Listening to your phone calls without a judge’s warrant is illegal if you’re a U.S. citizen. But do the police need a warrant? Can employers monitor and record their employees’ phone conversations?
If you are in a position where others might benefit from listening to your conversations, you may be a target of electronic eavesdropping or wiretapping. Is it a federal crime to wiretap without court approval, unless one of the parties has given their prior consent? Is a warrant needed to get emails? Can law enforcement obtain emails with only a subpoena.
The program will explore these and other important privacy issues in a comprehensive look at privacy and the law for individuals within the U.S. An examination of the wide landscape of emerging privacy issues will be provided, and hopefully simplified, with an approach which will answer most privacy queries and an exploration of the specific law applicable to each potential intrusion on one’s privacy.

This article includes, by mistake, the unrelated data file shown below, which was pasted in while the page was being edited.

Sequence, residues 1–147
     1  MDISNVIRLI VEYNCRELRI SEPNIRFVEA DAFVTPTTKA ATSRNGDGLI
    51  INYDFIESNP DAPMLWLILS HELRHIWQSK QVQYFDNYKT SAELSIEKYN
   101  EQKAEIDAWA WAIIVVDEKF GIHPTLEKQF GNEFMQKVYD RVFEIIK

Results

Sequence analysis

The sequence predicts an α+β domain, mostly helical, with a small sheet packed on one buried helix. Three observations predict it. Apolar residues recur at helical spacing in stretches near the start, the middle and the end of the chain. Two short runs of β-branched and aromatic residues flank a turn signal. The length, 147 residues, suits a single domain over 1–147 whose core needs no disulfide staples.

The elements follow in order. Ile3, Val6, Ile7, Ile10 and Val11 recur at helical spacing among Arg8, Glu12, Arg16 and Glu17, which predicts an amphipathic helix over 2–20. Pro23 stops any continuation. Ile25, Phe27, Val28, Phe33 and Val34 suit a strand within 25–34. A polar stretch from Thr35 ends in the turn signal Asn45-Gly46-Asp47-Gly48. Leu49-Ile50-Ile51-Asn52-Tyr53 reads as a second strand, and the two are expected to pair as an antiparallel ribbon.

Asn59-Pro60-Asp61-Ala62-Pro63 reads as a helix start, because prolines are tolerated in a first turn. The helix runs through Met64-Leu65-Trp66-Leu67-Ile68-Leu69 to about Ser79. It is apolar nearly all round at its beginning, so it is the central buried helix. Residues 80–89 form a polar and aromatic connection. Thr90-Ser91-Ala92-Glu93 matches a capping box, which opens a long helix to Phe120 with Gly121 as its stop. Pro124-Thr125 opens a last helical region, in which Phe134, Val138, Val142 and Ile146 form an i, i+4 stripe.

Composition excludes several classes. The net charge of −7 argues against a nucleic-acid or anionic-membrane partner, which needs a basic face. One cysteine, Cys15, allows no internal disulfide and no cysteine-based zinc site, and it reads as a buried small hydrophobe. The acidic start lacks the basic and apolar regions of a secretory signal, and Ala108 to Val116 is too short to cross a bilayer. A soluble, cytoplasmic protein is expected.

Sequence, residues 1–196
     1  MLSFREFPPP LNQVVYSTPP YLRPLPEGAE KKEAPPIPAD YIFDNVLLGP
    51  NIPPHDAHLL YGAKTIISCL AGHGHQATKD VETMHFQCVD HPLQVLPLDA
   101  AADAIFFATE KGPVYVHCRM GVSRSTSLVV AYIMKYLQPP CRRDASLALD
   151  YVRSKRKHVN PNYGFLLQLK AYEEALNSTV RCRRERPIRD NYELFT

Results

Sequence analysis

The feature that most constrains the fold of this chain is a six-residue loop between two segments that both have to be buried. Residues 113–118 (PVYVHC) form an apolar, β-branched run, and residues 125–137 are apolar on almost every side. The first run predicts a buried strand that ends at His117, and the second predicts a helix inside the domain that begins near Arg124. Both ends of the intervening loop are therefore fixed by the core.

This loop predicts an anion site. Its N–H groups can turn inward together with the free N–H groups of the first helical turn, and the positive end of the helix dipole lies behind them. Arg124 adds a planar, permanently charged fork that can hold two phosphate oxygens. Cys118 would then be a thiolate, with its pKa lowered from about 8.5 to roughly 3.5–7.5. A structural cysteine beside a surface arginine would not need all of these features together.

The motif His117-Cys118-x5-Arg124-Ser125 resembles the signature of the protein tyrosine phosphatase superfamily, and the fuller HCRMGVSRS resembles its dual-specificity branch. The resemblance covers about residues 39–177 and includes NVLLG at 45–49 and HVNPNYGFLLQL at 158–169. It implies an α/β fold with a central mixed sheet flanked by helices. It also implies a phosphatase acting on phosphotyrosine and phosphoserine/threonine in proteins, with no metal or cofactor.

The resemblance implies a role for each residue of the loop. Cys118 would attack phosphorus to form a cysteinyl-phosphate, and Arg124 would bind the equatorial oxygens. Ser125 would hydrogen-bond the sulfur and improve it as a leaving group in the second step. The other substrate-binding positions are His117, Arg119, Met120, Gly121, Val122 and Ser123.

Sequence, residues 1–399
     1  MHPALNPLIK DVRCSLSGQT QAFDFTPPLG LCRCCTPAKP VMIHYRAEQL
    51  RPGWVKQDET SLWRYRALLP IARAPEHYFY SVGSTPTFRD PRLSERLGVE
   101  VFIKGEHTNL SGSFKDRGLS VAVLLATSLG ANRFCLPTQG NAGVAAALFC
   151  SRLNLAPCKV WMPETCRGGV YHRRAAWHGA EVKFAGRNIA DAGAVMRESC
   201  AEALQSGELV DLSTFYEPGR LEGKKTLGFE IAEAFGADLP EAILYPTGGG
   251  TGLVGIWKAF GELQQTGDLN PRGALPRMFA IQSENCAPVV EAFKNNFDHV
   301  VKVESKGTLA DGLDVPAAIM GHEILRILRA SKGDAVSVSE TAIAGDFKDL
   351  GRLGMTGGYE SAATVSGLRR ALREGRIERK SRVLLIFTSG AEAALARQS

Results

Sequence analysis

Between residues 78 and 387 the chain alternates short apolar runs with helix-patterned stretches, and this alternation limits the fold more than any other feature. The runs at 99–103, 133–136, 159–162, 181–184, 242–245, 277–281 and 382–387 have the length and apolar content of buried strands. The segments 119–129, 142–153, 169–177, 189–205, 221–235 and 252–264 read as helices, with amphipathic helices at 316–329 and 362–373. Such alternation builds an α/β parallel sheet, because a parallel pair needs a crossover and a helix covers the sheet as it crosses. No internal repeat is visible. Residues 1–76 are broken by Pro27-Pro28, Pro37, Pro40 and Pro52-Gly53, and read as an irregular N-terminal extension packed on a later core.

- Where the intruder could be the government, any corporate enterprise which tracks you, your employer, or the public in general.
- Where the medium could be your phone (voice or text), your email, your cloud storage or your web browser.
- Where the law would be the current legislation or case law which applies in each intruder/medium combination
A discussion of trends and the future of privacy from the vantage point of new and emerging technology as well as ethical issues for practitioners is provided.
Program Co-sponsor: NYCLA’s Cyberspace Law Committee Faculty: Hon. James C. Francis IV, Magistrate Judge, SDNY; Joseph J Bambara, Co-Chair NYCLA’s Cyberspace Law Comm.; Monique Altheim, Esq., CIPP